“The gym was supposed to have been evacuated at noon because of concerns about a booby trap.”
Among the other queries raised by the couple’s dossier is the question of where Hamilton went between leaving his home and arriving at Dunblane primary school.
Uttley revealed: “A policeman said CCTV cameras picked up Hamilton’s van leaving Stirling on the morning of March 13, 1996 at 8.44 and 8.46.
“The journey to Dunblane school would normally take just 15 minutes.
“Yet Hamilton did not arrive there until 9.30. Where did he go in the half hour that’s unaccounted for?”
The pair are also intrigued by the matter of Hamilton’s finances.
Hagger told us: “Some sources suggest he obtained two credit cards and spent freely at the end of 1995 and the beginning of 1996.
“But he was unemployed – and this has never been fully explained.”
The duo say they are determined to battle on until they win a fresh inquiry into the horror.
Uttley – who has written a series of articles about male violence and guns – began work on her dossier in December last year.
In February, she wrote to Hagger asking for her help. They claim they have examined and cross-referenced every word of the Cullen report since then.
Uttley told us: “I will never give up on this until we get to the truth.”
And Hagger added: “This has caused us a lot of stress.
“Some of what we’ve uncovered makes me despair.
“Yet I think it is only right that people should know about this and decide for themselves whether or not a new inquiry is merited.”
But last night the officer who headed the Dunblane investigation was adamant that Central Scotland Police left no stone unturned.
Detective Chief Superintendent John Ogg, who has now retired from the force, told us: “I can reassure you that the investigation into the Dunblane incident was absolutely thorough, and we covered every angle.
“I don’t subscribe to any of these allegations at all.”
And he added: “I have no idea why someone would wish to come up with theories like these.”
Speaking from his home in Perthshire, Mick North told us: “I have been asked by Sandra about what happened on the day, and have answered her questions. There are areas that I feel could do with better explanation, but I am not prepared to go into specifics.
“I think it’s most unlikely that the conspiracy goes as far as is being alleged.”
During the investigation, it was claimed that student teacher David Scott witnessed Hamilton kill himself. However, Scott did not himself give evidence, and when asked if he did see the killer commit suicide, he refused to make any comment at all.
He told the News of the World: “I have not spoken about this before, and have no intention of doing so.”
Headmaster Ron Taylor blasted the pair’s findings and said he could not understand why they would wish to open up old wounds.
He added: “It is rubbish. There is no substance to it at all.
“Hundreds of statements were given, and only a select few were actually used for Cullen, to spare those affected by the incident the trauma of going through it again.
“Every single person who was in the school on the day gave a statement to the police.
“Only a few people gave verbal evidence to the Cullen Inquiry.
“The vast majority of the report was about the police. There is no cover-up.”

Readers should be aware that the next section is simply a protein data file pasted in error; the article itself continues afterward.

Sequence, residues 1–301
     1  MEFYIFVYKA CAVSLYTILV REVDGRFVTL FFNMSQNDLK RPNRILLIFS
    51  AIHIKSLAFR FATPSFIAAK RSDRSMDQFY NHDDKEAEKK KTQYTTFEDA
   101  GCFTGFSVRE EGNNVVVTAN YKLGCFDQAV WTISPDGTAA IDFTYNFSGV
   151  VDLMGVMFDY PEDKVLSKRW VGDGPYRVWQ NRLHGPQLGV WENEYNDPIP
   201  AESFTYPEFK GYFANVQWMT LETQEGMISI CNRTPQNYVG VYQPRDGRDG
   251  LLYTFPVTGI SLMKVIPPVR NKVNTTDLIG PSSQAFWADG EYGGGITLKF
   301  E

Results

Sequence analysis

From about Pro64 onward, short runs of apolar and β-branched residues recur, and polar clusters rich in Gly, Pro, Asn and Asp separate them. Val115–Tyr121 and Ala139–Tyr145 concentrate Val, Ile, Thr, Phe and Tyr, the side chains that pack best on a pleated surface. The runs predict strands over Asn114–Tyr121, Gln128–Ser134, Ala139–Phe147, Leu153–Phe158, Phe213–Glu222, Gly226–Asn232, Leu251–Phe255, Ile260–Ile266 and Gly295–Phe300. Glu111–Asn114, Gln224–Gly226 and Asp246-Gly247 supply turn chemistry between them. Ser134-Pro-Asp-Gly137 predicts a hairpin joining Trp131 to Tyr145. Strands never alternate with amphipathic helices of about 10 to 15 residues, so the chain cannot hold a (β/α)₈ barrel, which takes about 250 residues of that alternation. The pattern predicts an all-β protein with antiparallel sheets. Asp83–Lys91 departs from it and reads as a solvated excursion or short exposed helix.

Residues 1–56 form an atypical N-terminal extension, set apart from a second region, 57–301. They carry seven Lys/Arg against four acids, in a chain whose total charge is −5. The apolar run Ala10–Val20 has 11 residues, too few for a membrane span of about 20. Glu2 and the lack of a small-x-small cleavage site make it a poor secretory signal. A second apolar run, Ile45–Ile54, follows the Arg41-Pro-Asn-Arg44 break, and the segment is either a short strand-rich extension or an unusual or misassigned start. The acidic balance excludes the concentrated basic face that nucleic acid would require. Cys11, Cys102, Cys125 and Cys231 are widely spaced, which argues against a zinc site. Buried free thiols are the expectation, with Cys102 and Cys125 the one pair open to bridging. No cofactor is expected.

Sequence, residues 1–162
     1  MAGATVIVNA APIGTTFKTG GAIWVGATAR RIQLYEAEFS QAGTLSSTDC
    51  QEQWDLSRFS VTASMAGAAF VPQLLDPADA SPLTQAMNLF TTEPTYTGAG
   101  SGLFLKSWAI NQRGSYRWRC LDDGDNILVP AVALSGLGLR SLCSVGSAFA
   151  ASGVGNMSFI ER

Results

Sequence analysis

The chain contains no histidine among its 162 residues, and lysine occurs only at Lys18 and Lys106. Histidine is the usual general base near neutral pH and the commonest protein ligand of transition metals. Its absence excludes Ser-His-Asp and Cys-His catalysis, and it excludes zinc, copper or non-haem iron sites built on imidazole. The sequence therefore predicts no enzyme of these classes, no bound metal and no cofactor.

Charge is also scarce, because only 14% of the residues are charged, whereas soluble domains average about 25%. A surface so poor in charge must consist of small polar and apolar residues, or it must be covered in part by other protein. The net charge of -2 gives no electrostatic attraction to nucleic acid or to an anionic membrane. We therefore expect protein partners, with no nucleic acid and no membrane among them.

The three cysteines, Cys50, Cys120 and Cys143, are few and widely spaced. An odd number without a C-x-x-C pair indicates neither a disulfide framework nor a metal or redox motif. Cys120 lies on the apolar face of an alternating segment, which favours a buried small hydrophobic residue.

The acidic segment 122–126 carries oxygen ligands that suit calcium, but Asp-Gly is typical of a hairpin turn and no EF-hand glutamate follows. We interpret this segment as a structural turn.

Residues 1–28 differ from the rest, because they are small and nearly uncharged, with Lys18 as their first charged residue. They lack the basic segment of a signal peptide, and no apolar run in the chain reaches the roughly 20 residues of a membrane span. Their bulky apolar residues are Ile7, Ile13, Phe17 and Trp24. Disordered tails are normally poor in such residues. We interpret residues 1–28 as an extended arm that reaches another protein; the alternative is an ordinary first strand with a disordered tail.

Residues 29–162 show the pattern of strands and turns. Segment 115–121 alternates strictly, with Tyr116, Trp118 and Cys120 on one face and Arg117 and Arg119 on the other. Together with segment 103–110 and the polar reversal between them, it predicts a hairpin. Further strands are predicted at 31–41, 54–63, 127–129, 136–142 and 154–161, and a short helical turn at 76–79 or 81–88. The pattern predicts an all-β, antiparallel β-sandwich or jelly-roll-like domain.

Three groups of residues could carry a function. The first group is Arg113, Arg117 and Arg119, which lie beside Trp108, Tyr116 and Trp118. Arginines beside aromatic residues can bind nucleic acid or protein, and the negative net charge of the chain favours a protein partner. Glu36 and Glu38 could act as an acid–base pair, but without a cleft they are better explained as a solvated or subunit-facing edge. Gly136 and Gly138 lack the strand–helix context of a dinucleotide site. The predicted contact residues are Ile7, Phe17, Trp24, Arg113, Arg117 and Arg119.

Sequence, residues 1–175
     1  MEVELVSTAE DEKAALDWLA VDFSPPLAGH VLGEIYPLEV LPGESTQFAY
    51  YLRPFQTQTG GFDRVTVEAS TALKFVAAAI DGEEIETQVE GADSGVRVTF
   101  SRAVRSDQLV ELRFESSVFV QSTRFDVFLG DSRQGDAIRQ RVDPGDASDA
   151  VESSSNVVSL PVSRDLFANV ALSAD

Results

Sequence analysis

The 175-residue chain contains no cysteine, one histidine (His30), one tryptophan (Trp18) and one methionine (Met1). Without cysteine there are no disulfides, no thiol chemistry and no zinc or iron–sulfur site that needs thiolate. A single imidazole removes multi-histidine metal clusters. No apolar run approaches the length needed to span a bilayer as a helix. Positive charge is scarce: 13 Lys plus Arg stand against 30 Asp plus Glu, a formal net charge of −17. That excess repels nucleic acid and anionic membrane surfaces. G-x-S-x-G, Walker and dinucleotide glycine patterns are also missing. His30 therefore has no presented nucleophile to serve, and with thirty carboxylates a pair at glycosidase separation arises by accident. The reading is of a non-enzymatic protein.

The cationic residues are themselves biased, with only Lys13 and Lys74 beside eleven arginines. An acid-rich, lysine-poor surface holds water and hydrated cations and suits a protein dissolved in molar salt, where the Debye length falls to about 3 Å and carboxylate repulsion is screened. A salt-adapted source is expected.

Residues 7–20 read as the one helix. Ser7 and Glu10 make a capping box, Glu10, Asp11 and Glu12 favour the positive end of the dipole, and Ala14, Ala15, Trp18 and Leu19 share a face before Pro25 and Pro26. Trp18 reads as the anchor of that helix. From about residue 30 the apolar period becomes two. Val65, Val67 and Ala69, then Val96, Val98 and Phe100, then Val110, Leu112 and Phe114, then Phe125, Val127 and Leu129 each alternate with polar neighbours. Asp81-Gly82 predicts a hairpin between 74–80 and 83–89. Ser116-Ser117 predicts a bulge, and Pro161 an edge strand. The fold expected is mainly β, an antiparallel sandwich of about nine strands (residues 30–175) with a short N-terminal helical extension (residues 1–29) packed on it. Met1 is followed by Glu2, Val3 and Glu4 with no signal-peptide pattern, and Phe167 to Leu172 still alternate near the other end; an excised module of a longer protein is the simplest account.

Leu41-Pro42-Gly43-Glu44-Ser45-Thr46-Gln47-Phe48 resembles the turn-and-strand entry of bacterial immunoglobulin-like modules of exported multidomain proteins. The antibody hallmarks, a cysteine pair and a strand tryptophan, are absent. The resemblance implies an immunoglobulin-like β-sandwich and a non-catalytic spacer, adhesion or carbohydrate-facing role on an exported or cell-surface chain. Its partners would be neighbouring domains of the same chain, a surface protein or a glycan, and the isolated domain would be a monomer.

http://www.dunblaneexposed.info/2003/06 ... questions/
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Gille Brigte, Earl of Strathearn
From Wikipedia, the free encyclopedia
The 2nd seal of Gille Brigte (Gilbert), Earl or Mormaer of Strathearn.
Gille Brigte of Strathearn (Francized as Gilbert) is the third known Mormaer of Strathearn. He is one of the most famous of the Strathearn mormaers. He succeeded his father Ferchar in 1171. He is often known by the Francization of his name, Gilbert, or by various anglicizations, such as Gilbride, Gilbridge, etc. A more modern version of his name is Giolla or Gille Brighde, and means - roughly - devotee of St Brigit.
Unikely his predecessors, we know for certain that Mormaer Gille Brigte was a regular attendee of the entourage of the Scottish king (in this case, King William I). Gille Brigte even served as the Justiciar of Scotia, an office usually held by the Mormaers of Fife, during the minority of Donnchad. Gille Brigte accompanied the King on his expeditions against Harald Maddadsson, the "rebellious" Earl of Orkney and Mormaer of Caithness. When William was captured at Alnwick in 1174, Gille Brigte too became a hostage, and shared William's fate as a prisoner at Falaise.
In 1213, Gille Brigte acted as an arbitrator in the controversy over the succession to the Mormaerdom of Menteith, the neighboruing Mormaerdom. Gille Brigte was one of the Mormaers present at the coronation of King Alexander II in 1215, at Scone.
Gille Brigte's reign brought Strathearn more fully into the fold of Scottish politics, although it does seem that he spent many of his last years in seclusion in Strathearn. He died in 1223.
http://en.wikipedia.org/wiki/Gille_Brig ... Strathearn
Remember from a thread Ima posted apon William the Lion of Scotland this is the masonic connection the dots are not so easy for folks to pick up on but what that Ima been finding deep rooted to the not so long ago to the most blacked out era in history of Scotland is a demonic ritual conspiracy. . .
GOD BLESS ALL VICTIMS AND SURVIVORS. . .